One lender, Loan Shop Online, allegedly charged fees each time a payment wasn’t cleared, overdrawing one customer’s Bank of America account by $1,200. Most of the debt was from a string of $35 fees for insufficient funds. The borrower said in the complaint that Loan Shop was “continually making daily and weekly unauthorized” withdrawals from the account “in order for them to get their money.”

Valletta, Malta
REUTERS/Darrin Zammit LuMinnesota authorities have launched a crackdown against predatory lenders who operate from Malta and other far-away places.

Many of the borrowers did not discover that the online lenders were violating Minnesota law until after they had taken the loans.

“I borrowed money from this company, not knowing about their business. I found out MN law only allows $350 loans online and a limited interest,” said a complaint against Loan Shop Online filed by an Arden Hills resident.

“I realize I should have done more research about them before transacting any business,” said a 2010 complaint filed against Northway Credit Corporation based in Malta.

Even companies that were licensed to operate in Minnesota generated complaints about heavy-handed collection tactics.

A 2011 complaint filed against Cash Central, a Utah-based company licensed to operate as a Minnesota payday lender, prompted a response from Swanson’s office: “[The resident] was making regular payments on this loan, but he is now in a financial hardship and unable to continue making payments. [The resident] is now receiving collection calls, and he wants these calls to cease immediately.”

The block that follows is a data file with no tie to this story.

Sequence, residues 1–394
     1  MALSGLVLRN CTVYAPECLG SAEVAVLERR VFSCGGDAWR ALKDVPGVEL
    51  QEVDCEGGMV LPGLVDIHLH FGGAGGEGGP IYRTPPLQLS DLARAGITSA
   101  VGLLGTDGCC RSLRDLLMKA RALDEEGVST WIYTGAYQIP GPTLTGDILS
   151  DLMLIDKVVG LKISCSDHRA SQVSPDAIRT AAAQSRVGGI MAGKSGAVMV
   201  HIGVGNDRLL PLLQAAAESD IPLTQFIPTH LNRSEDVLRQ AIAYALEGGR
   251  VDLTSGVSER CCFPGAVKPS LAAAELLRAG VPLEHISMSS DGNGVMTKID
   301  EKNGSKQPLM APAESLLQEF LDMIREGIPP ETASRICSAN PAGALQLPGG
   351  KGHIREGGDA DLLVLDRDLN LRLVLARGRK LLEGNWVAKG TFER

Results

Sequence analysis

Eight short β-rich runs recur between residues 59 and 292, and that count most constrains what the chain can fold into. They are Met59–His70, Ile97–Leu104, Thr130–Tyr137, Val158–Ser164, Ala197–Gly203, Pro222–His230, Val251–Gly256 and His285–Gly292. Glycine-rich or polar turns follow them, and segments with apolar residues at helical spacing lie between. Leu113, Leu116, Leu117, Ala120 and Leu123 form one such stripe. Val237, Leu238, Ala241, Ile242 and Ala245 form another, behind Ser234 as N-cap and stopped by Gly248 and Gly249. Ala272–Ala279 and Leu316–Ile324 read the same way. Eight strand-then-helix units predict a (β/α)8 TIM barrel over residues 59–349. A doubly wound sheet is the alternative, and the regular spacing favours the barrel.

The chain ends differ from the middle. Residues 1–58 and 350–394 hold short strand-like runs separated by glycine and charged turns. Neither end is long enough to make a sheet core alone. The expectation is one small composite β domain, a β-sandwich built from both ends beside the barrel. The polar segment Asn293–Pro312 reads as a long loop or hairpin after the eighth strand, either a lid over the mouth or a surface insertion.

Against state law

While online lenders have claimed exemption from various state regulations, a Minnesota law requires Internet payday loan companies to register with the state and comply with its rules regardless of where they are based.

State law also caps the fees that can be charged on payday loans. Lenders are not supposed to charge more than 33 percent annual interest and a $25 fee on loans between $350 and $1,000. For loans under $350, the state has set a sliding scale of the interest and fees allowed; it is far lower than most online lenders were charging.

Minnesota authorities have caught online payday loan companies charging $30 in interest on $100 two-week loans, amounting to a 782 percent annualized rate, according to the attorney general's office. One lender, Global Payday, had been charging rates amounting to the equivalent of a whopping 2,737 percent annualized interest on a four-day loan.

The online loan industry itself also has sought to battle rampant fraud in its ranks. In 2005, the Online Lenders Alliance was formed to standardize practices among Internet lenders and combat deceptive companies that have tarnished the industry’s reputation.

Meanwhile, Congress has proposed legislation to force some reform in the online payday loan industry.

The Stopping Abuse and Fraud in Electronic Lending Act, or simply the SAFE Lending Act, was introduced in Congress late last year. The legislation aimed to close loopholes used by some online payday lenders. Similar to Minnesota's law, the federal statute would require lenders based offshore or in other states to abide by local lending laws where the borrower resides. Rep. Keith Ellison (D-Minn.) is a co-sponsor of the House version, which has not yet come up for a vote.

Back in Minnesota, the Commerce Department has joined the effort to crack down on unlicensed payday lenders. Four companies based in Utah, Delaware, Oklahoma and Nevada were caught in the department’s net for allegedly operating without proper licenses, yet lending to Minnesota borrowers online anyway.

“We are working to protect Minnesota consumers from unlicensed payday lending companies that take advantage of them,” Commerce Commissioner Mike Rothman said in a statement. “Payday lending companies -- online and down the street -- need to obey the lending laws that protect consumers.”

A few Internet lenders are licensed to do business in Minnesota. They include and based in Utah and out of Chicago. You can check the Commerce Department's website to find out whether any lender is licensed with the state. Or you can call the agency at 651-296-4026.